UMaine women’s basketball coach Amy Vachon will earn $210,000 in 2024-25, with an increase of $8,000 per year through 2028. Brianna Soukup/Staff Photographer

University of Maine women’s basketball coach Amy Vachon has agreed to a contract extension that will keep her with the Black Bears through 2028, the school announced Tuesday.

The deal retroactively begins Jan. 1 and replaces the four-year deal she signed in 2021. Vachon will earn $210,000 in 2024-25, with an increase of $8,000 per year through 2028. She had been making $180,000 annually, according to the university.

Vachon has been head coach of the Black Bears since March 2018 after serving as an interim coach earlier in the 2017-18 season. She coached UMaine to the America East Conference championship and the NCAA tournament in 2018 and 2019, and has been honored four times as the conference’s Coach of the Year.

Vachon has led the Black Bears to a 143-76 record, including 93-25 in America East. This season Maine is 13-8 overall and 6-1 in the conference.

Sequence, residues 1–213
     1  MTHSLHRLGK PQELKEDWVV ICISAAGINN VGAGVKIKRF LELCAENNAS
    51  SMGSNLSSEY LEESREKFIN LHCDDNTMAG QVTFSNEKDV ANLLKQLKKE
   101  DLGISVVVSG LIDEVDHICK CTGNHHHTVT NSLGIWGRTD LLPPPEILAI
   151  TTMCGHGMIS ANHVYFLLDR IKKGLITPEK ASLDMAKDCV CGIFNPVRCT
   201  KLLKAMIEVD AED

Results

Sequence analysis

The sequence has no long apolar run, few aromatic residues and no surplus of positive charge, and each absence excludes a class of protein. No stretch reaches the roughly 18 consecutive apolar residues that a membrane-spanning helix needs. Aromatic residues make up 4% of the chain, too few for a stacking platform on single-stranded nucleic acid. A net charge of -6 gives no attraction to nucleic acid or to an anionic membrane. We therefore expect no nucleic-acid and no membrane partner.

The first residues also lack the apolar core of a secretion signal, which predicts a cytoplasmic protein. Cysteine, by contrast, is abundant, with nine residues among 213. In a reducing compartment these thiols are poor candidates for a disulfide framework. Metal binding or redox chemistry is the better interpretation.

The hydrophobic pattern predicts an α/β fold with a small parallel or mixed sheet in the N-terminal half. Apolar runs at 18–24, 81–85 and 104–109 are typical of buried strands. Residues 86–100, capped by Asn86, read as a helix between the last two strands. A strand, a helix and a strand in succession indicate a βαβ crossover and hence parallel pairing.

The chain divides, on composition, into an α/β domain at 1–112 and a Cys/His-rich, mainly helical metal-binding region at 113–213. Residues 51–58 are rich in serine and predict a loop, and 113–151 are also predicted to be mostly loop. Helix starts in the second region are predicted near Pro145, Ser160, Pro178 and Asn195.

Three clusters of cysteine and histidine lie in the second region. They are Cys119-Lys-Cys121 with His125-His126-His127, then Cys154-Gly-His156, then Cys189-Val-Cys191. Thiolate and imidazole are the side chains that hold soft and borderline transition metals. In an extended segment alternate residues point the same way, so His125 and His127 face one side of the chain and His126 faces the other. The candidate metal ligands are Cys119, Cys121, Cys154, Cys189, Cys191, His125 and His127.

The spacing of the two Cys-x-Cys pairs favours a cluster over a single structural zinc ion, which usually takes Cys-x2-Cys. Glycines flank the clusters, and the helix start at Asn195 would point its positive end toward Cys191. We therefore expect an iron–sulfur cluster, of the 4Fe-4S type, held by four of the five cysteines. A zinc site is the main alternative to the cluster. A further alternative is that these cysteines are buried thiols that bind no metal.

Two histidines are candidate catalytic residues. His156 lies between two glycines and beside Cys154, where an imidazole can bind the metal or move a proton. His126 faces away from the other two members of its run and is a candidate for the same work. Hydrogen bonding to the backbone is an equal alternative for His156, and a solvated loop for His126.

“I want to thank President (Joan) Ferrini-Mundy and (Athletic Director) Jude Killy for believing in me and giving me the opportunity to continue serving as head women’s basketball coach here at UMaine,” Vachon said in a news release from the school.

“This university, program and state all hold a very special place in my heart, and it is an honor to work here. I am so fortunate to work with the incredible young women that are in our program and alongside an amazing staff. I am excited to continue coaching Maine women’s basketball.”

An Augusta native, Vachon graduated from UMaine in 2000 and still holds the school record for assists in a career (759) and in a season (234).

Maine led Division I women’s basketball in the 2020-21 season with the highest team cumulative GPA (3.90), then earned the third-highest GPA the following season. Last year the Black Bears earned the fifth-highest GPA in the country.

“(Vachon) has been a successful student-athlete here and is now an extraordinarily successful coach. She, and her teams, strive for comprehensive excellence. They have a championship culture, with assistant coaches and students committed to each other,” Killy said in a statement.  “They dominate in the classroom, win on the court, treat others with respect and are a guiding light in helping our department define our culture. “

Only subscribers are eligible to post comments. Please subscribe or login first for digital access. Here’s why.

Use the form below to reset your password. When you've submitted your account email, we will send an email with a reset code.

filed under: